Thursday, March 21, 2013
While driving back to NY for Presidents’ Day Weekend, my mom and I tuned in to Terry Gross’ Fresh Air on NPR. She was interviewing author David Cunningham on his newly released book, Klansville, USA: The Rise And Fall Of The Civil Rights-Era Klu Klux Klan. Beginning with an old recording, which is described as one of the “popular original songs played at North Carolina Klan rallies,” Cunningham traces through a historical overview of the KKK and their power amongst southern states during the civil rights movement. Listen to the recording of the interview provided on NPR’s website and you will hear this song within the first couple of minutes. Be warned, it is extremely disturbing.
I wanted to share this with all of you because it is a part of civil rights history that we have yet to discuss. I think that this is a difficult topic to talk about for many reasons. For me, I feel as if most of what I know about the KKK is from movies or television. We briefly discussed Django Unchained earlier this semester, but Tarantino’s portrayal of the Klan in this film completely rubbed me the wrong way. I understand that he was going for humor in the scene with Jonah Hill, but it made light of the horrific real life attacks of the KKK (http://www.youtube.com/watch?v=DWZL1FJSkvk).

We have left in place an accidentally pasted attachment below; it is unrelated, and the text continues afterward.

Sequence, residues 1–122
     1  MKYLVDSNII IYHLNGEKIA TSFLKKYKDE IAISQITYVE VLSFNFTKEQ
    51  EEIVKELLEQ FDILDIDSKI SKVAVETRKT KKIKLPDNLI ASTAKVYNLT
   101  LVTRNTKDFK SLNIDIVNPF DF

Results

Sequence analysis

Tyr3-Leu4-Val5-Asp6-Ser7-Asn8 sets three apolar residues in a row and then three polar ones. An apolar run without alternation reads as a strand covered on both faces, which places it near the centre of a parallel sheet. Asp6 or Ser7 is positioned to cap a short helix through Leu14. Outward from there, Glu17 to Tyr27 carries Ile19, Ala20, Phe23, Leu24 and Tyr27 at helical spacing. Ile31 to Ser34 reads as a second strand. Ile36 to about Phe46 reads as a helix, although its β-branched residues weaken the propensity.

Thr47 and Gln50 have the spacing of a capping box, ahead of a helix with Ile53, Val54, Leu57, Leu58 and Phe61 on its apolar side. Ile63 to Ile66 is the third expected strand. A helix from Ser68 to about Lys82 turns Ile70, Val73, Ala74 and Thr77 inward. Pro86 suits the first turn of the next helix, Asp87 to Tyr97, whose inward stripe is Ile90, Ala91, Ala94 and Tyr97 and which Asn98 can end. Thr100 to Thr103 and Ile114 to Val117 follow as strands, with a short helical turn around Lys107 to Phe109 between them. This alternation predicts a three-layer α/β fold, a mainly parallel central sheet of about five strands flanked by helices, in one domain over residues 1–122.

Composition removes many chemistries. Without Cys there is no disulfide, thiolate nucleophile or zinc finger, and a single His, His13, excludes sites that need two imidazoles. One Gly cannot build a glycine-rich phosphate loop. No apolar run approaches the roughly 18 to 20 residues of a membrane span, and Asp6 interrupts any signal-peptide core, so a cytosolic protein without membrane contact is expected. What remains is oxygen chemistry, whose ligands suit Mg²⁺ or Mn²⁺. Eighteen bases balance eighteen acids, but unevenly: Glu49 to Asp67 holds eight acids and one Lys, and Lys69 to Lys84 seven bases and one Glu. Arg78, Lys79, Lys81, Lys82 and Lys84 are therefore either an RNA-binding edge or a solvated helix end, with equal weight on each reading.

In this Fresh Air interview the author discusses the rise of the white supremacist group during the civil rights era and how they targeted black Southerners. “At first, the KKK's aims bent toward amusement, especially the playing of ‘pranks’ on local black residents… Groups of klansmen would embark on nighttime rides, paying unwelcome visits to black families.” These outings were not simply for the harmless pleasure of Klan members, explains Cunningham, they were an attempt to implement tactics of the antebellum patrol system. “Like those slave patrols, early klan activity maintained racial subjugation by terrorizing the black population. In much of the Reconstruction-era South, black freed persons remained subject to curfews limiting free assembly and especially the formation of schools. Klan members would beat and whip violators of such racial codes.”
The goal of the KKK was to instill fear in the black community, and, to ultimately, eliminate their human rights. The song that Gross plays at the beginning of this segment may be seen as a form of expression, some may even call it music… But in contrasting those horrifically disturbing and hateful words to the poetry, music, and art we have looked at in class, one can better appreciate the civil rights movement. Its leaders and activists attacked racism with confidence, compassion, and a love for humanity that completely counteracted the mission of the KKK. The anger and desire of black activists to see what they believed to be a better America was turned into beautiful paintings, momentous speeches, and unforgettable songs, not murder and fear.